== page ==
This post is about a walk from a shelter near Camalti to Cide. It’s the second and closing part of this story of regret.
The shelter turned out to be perfect. It was a little house with windows and a door, and next to it there was a water faucet, a toilet, and a separate prayer room. I slept right next to the Caboose, and I loved it.
But guess who was there when I went outside to brush my teeth? Yes, the dogs. They had been waiting all night, hoping that I would somehow change my mind and give them some more of those beans.
how it should have been
I felt terrible for them. They were good doggos, they hadn’t eaten in a long time, they were skinny, and the night had been cold. And yet here they were, putting their trust in me, the Bean God™, to make things right and cause beans in red sauce to magically appear.
I wished I could play with them for a little while, pet them, tell them they were good girls and boys, and then put a bunch of food in some place for them – and leave. But that would have only made it worse. It would have made them follow me around forever.
how it was
So I didn’t do any of those nice things. Instead I yelled at them to fuck off, and I continued to throw little rocks in their direction. But they kept following me.
And I noticed something heartbreaking about them: they would make whimpering sounds even though my rocks never really hit them. They knew exactly what it meant when people threw things at them. It meant pain. These dogs had been conditioned for pain.
And so they left a distance between themselves and me. But they didn’t give up. They kept following me, and every time I stopped to yell at them or throw some more rocks they turned around and waited until I was done. Then they continued to follow me.
I slowly started hating the dogs. Why did they have to be so desperate? Why hadn’t they gone back to the puppies? Why were they so suicidal on the road? Why had they picked me of all people?
And little by little a new idea crept into my mind: at this point they must have known that we weren’t friends, right? And I probably looked pretty pathetic to them when I was pulling the Caboose up those inclines.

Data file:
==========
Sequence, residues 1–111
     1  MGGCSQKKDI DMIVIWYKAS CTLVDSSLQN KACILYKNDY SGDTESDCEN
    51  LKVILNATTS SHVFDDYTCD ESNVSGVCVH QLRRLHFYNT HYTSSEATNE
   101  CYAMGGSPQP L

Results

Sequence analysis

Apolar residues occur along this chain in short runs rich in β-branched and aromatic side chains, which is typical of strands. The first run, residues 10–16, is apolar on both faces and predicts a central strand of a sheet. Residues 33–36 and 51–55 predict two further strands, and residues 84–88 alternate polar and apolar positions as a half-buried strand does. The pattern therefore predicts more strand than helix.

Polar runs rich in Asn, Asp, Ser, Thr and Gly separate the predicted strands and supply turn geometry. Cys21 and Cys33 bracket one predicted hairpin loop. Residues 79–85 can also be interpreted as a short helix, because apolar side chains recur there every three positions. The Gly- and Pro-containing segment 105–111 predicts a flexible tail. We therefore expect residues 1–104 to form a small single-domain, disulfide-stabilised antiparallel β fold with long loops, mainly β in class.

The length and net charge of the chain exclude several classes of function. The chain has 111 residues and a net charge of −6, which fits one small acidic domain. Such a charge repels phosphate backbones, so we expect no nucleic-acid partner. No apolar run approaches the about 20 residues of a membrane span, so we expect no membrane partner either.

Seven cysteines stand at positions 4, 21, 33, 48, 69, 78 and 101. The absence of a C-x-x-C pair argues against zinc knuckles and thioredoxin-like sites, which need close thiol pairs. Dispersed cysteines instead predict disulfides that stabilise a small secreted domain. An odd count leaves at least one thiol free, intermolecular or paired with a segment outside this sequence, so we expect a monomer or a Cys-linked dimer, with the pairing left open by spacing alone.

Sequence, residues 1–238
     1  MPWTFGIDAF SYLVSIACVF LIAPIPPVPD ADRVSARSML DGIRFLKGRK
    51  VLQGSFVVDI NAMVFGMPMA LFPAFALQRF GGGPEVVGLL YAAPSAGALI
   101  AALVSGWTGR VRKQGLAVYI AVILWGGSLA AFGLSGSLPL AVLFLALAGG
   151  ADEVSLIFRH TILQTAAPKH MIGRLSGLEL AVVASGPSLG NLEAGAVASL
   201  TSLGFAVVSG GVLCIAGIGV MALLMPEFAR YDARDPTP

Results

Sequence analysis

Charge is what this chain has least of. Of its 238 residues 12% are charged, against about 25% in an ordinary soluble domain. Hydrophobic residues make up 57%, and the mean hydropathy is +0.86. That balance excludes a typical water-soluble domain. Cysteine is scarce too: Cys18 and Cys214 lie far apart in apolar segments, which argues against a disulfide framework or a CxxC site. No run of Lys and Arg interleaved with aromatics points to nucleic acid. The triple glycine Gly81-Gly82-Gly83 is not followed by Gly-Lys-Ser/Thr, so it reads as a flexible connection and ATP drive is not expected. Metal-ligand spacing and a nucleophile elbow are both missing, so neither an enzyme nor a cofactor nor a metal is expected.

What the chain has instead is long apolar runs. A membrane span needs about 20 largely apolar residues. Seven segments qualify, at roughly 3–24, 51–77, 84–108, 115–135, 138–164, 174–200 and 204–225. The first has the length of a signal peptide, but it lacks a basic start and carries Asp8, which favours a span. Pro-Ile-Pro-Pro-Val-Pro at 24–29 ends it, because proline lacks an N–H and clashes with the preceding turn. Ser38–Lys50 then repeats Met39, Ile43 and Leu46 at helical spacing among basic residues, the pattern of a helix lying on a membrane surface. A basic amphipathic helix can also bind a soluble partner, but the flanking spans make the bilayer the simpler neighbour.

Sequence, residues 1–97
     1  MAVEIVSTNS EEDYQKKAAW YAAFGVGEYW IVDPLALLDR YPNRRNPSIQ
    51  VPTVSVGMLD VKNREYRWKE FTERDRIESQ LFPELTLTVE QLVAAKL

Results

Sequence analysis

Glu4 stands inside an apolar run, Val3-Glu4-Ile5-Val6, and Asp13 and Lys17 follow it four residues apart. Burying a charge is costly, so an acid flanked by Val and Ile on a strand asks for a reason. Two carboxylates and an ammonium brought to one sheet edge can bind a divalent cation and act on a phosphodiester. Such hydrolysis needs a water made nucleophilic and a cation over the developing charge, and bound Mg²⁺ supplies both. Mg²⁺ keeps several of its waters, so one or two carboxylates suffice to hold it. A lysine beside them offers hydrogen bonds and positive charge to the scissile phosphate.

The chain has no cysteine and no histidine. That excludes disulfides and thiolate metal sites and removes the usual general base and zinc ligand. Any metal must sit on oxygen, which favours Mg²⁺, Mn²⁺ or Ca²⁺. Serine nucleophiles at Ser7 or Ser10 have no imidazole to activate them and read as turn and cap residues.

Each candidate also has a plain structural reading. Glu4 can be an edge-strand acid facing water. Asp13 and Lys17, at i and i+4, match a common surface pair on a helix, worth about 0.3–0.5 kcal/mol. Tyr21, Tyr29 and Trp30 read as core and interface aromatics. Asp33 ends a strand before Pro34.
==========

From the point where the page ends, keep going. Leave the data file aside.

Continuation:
What if they were just waiting for me to collapse so they could eat whatever food I had on me?
how it’s done
When I arrived in a village I went into a shop to stock up on hot water and supplies: tomatoes, cheese, bread, a can of cola. The shop owner, an old man with a mustache, noticed the dogs following me around and shook his head.
Then he did what needed to be done, and what I didn’t have the heart to do: he picked up a two-by-four and threw it at them, cursing. Then he ran after it, picked it up and threw it again. All while relentlessly cursing. He did this for a few minutes, then they were gone.
I thanked him and continued walking, wondering if the dogs would find me.
They never did.
and the regret
The rest of the day I walked in peace. When I saw a cow I didn’t have to worry, when I saw other dogs I didn’t have to worry, and when a vehicle came in my direction I only had to worry that it didn’t hit me or the Caboose. I was happy.
But as I came close to the town of Cide in the night, I started feeling terrible for those poor doggos. They were somewhere out there, hungry and skinny and cold and very far from the place they were used to. All they had ever gotten from humans were curses and objects thrown in their direction.
And I understood that the reason why they had decided to follow me was because I had been friendly to them in the beginning, even giving them that one bag of beans. It had been enough to convince them that I would always be kind to them.
But as it turned out, I wasn’t. I was selfish just like everyone else.
I hadn’t even given them names.
Inside the shelter near Camalti:
The doggos in the distance:
The road to walk from Camalti to Cide:
Resting on the Caboose:
Shop owner in Sakalli:
More of the road to walk from Camalti to Cide:
Nightly walk to Cide: